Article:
Space opera can be contrasted with "hard science fiction", in which the emphasis is on the effects of technological progress and inventions, and where the settings are carefully worked out to obey the laws of physics, cosmology, mathematics, and biology. Examples are seen in the works of Alastair Reynolds or the movie The Last Starfighter. At other times, space opera can concur with hard science fiction and differ from soft science fiction by instead focusing on scientific accuracy such as The Risen Empire by Scott Westerfeld. Other space opera works may be defined as a balance between both or simultaneously hard and soft science fiction such as the Dune prequel series by Kevin J. Anderson and Brian Herbert or the Star Wars series created by George Lucas.[20]

Several subsets of space opera overlap with military science fiction, concentrating on large-scale space battles with futuristic weapons. In such stories, the military tone and weapon system technology may be taken very seriously. At one extreme, the genre is used to speculate about future wars involving space travel, or the effects of such a war on humans; at the other, it consists of the use of military fiction plots with superficial science-fiction trappings. The term "military space opera" is occasionally used to denote this subgenre, as used for example by critic Sylvia Kelso when describing Lois McMaster Bujold's Vorkosigan Saga.[4]:251 The key distinction of space opera from military science fiction is that the principal characters in a space opera are not military personnel, but civilians or paramilitary. Military science fiction also does not necessarily always include an outer space or multi-planetary setting like space opera.[21]


Space opera parodies are often themselves examples of space opera.

Fredric Brown's What Mad Universe has as its protagonist a sober-headed science fiction magazine editor who suddenly finds himself transported to an alternative history timeline where all the space opera elements (a larger-than-life space hero fighting evil aliens who are totally bent on humanity's destruction, etc.) are concrete, daily life realities.

Harry Harrison's Bill, the Galactic Hero parodies the conventions of classic space opera,[22] as does his Star Smashers of the Galaxy Rangers, and his short story, Space Rats of the CCC - the Combat Camel Corps.

Jack Vance's Space Opera has an opera company go on tour into space.

The comedy film Spaceballs, directed and co-written by Mel Brooks, is a science fiction parody with many space opera characteristics. The anime Space Dandy by Studio Bones often parodies other science fiction works and the space opera subgenre.

See also



  1. Pringle, David (2000). Space and Beyond: The Frontier Theme in Science Fiction. Greenwood. p. 36. ISBN 978-0313308468.
  2. Nelson, Murry R. (2013). American Sports: A History of Icons, Idols, and Ideas. Greenwood. p. 310. ISBN 978-0313397523.
  3. Child, Ben (2017-02-20). "A modern space opera: has Star Wars escaped the George Lucas worldview?". The Guardian. Retrieved 2017-03-24.
  4. Hartwell, David G. & Cramer, Kathryn (2006). The Space Opera Renaissance (1st ed.). New York: Tor. ISBN 0765306174.
  5. "Space-opera". Retrieved 2016-01-20.
  6. Stokes, Keith. "Issue 36 of Le Zombie - page 9". Retrieved 2017-03-24.
  7. Turner, Graeme; Cunningham, Stuart (2000). The Australian TV Book. St. Leonards, New South Wales: Allen & Unwin. p. 200. ISBN 1741153727.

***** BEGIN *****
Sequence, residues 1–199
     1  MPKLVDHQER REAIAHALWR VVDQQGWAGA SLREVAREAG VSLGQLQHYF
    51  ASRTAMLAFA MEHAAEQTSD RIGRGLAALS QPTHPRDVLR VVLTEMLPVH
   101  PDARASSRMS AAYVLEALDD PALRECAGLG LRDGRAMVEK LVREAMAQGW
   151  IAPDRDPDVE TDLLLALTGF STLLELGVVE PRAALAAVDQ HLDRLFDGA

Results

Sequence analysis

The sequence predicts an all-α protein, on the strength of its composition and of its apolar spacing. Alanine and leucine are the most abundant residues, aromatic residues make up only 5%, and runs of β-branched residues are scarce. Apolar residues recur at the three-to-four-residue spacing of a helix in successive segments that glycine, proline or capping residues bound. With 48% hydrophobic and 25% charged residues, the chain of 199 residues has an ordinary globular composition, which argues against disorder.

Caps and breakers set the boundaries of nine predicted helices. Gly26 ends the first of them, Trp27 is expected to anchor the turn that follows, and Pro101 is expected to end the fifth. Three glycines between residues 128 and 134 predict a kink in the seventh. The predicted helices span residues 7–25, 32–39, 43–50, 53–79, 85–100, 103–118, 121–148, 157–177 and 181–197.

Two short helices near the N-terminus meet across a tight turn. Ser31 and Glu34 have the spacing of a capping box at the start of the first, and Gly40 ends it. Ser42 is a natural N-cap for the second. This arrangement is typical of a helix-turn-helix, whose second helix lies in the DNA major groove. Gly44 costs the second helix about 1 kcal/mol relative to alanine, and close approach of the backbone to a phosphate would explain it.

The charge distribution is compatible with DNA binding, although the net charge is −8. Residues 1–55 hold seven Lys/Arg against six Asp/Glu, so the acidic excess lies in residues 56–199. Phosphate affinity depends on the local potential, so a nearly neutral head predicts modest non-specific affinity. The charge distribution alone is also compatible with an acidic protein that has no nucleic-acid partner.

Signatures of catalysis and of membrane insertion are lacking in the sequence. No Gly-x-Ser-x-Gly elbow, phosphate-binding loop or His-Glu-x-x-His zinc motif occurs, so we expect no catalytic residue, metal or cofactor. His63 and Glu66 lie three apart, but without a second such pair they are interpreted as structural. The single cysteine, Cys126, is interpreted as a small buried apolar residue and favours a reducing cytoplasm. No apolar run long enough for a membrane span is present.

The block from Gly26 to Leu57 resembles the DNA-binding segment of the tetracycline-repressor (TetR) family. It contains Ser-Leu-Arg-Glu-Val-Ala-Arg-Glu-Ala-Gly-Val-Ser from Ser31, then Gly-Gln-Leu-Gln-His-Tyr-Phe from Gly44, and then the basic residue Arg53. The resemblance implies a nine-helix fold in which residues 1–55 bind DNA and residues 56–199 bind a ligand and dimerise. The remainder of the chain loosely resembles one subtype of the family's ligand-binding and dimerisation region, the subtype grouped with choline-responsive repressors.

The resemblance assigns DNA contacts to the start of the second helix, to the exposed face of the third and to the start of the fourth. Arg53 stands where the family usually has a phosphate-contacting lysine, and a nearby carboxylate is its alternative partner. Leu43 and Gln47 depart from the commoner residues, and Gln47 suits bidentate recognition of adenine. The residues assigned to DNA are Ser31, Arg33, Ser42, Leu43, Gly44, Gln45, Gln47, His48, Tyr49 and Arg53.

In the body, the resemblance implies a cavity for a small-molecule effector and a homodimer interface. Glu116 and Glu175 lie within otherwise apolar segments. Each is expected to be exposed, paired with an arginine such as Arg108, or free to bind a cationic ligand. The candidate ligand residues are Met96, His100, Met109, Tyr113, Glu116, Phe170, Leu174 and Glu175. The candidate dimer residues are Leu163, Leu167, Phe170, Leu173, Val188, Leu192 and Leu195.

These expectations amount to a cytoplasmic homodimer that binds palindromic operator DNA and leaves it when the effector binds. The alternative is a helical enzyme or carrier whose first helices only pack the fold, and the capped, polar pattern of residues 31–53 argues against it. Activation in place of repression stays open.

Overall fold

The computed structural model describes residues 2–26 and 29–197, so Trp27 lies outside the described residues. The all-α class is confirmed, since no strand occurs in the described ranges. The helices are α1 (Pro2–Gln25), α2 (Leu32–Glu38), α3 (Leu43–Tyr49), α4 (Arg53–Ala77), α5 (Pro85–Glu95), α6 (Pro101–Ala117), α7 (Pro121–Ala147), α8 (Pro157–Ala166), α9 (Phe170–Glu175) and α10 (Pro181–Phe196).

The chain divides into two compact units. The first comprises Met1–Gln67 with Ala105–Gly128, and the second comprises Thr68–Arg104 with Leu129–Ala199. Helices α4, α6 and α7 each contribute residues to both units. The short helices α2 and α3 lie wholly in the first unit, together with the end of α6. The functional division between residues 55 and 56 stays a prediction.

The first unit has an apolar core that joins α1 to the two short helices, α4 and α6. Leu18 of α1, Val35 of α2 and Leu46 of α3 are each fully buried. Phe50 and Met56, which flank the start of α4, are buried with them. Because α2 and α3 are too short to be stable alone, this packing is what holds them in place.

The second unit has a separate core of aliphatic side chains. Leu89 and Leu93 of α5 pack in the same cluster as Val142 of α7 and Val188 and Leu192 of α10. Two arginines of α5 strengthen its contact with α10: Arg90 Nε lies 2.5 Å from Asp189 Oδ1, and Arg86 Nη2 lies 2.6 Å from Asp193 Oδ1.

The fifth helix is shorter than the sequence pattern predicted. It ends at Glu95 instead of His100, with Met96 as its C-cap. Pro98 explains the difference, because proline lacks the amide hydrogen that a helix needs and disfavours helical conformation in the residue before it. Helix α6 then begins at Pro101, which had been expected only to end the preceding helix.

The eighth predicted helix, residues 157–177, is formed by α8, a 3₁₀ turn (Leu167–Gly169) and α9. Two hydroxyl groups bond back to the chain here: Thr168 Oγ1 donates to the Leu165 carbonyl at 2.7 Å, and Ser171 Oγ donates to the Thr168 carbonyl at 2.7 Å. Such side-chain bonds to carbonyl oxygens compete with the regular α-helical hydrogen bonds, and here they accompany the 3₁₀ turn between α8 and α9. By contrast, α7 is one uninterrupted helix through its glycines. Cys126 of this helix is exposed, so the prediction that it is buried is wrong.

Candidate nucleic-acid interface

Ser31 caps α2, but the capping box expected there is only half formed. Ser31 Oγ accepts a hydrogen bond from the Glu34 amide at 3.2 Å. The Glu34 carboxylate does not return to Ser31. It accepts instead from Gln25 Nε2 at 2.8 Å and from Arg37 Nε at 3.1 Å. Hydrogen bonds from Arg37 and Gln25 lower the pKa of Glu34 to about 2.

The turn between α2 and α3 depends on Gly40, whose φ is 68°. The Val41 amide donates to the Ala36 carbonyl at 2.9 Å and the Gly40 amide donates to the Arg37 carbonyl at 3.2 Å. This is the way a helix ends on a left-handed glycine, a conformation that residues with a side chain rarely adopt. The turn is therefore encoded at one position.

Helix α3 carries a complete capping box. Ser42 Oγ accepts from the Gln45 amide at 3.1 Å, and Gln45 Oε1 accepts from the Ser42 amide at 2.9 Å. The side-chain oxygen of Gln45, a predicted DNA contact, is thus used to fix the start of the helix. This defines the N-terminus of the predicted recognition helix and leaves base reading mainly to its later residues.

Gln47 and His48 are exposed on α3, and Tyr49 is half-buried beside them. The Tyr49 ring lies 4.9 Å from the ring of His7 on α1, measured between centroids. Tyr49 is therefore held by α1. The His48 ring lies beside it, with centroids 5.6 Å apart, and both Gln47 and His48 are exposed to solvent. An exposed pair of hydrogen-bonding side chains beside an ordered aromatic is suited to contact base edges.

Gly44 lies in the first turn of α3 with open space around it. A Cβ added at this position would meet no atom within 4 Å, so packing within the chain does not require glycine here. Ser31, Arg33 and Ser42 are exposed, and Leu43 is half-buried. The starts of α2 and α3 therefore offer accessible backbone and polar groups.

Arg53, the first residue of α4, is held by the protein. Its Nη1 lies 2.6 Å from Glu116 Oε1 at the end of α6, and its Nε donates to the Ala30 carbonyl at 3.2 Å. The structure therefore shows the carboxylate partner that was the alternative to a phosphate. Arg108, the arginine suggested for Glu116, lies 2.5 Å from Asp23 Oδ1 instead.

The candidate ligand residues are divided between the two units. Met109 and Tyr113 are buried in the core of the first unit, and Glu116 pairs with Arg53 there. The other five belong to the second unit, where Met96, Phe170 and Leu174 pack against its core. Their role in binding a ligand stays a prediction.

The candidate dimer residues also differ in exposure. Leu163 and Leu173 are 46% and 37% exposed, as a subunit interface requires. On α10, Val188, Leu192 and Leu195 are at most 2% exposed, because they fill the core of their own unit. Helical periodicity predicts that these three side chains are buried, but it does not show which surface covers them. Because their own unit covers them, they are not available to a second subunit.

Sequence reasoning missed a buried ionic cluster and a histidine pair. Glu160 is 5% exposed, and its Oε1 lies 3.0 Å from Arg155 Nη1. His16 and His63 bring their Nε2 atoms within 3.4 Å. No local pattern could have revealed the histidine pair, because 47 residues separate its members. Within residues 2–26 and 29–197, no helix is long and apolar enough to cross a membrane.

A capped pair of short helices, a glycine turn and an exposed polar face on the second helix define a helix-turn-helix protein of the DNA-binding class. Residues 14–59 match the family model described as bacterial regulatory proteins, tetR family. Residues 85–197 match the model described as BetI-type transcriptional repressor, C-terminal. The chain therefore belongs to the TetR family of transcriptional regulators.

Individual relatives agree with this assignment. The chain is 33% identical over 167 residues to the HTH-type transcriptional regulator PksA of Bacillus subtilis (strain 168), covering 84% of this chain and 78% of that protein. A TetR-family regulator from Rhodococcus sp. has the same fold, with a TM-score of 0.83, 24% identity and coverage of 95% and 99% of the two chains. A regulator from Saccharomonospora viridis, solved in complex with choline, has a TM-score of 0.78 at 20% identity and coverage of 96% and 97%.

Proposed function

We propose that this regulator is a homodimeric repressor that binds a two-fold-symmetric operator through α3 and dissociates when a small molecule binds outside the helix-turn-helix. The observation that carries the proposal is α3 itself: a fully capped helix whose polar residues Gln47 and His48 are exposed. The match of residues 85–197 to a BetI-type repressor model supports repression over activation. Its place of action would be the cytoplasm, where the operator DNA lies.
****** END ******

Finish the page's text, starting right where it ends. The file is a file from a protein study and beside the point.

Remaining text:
8. Langford, David (2005). The Sex Column and Other Misprints. Wildside Press. pp. 167–168. ISBN 9781930997783. Retrieved 24 March 2017.
  9. "Galaxy Magazine (October 1950)". Internet Archive. Retrieved 12 March 2019.
  10. Westfahl, Gary (2000). Space and Beyond: The Frontier Theme in Science Fiction (1st ed.). Westport, Connecticut: Greenwood Press. pp. 36-. ISBN 9780313308468. Retrieved 24 March 2017.
  11. Dozois, Gardner & Strahan, Jonathan (2007). The New Space Opera (1st ed.). New York: Eos. p. 2. ISBN 9780060846756.
  12. Latham, Rob (23 February 2017). Science Fiction Criticism: An Anthology of Essential Writings. New York: Bloomsbury Publishing. p. 133. ISBN 9781474248624. Retrieved 30 June 2017.
  13. Bleiler, Everett F. & Bleiler, Richard J. (1990). Science-fiction, the Early Years: A Full Description of More Than 3,000 Science-fiction Stories from Earliest Times to the Appearance of the Genre Magazines in 1930: with Author, Title, and Motif Indexes. Kent, Ohio: Kent State University Press. ISBN 0873384164.
  14. Clarke, I. F. (November 1997). "Future-War Fiction: The First Main Phase, 1871-1900". Science Fiction Studies. 24 (74). Retrieved 28 November 2017.
  15. Hardy, Phil (1995). The Overlook Film Encyclopedia (3rd ed.). Woodstock, New York: Overlook Press. p. 56. ISBN 0879516267.
  16. McAuley, Paul. "Junk Yard Universes". Paul McAuley. Wayback Machine. Archived from the original on April 7, 2014. Retrieved November 28, 2017.
  17. Levy, Michael (June 2008). "Cyberpunk Versus the New Space Opera". Voice of Youth Advocates. 31 (2): 132–133.
  18. Walker, Daniel (August 29, 2014) "Space Opera strikes up again for a new era " The Guardian
  19. "SF Citations for OED". 2008-07-06. Archived from the original on 2008-01-08. Retrieved 2017-03-24.
  20. Ryan Britt (2013-02-28). "How Timothy Zahn's Heir to the Empire Turned Star Wars into Science Fiction". Archived from the original on 2015-06-16. Retrieved 2017-03-24.
  21. "23 Best Military Science Fiction Books - The Best Sci Fi Books". 14 March 2015.
  22. Lilley, Ernest (August 2003). "Review". SFRevu. Retrieved 2009-02-28.

Further reading

  • Langford, Dave. (1996) "Fun With Senseless Violence" in The Silence of the Langford. NESFA Press. ISBN 0-915368-62-5.
  • Sawyer, Andy (2009) "Space Opera" in The Routledge Companion to Science Fiction. Taylor & Francis. pp. 505–509. ISBN 0-415-45378-X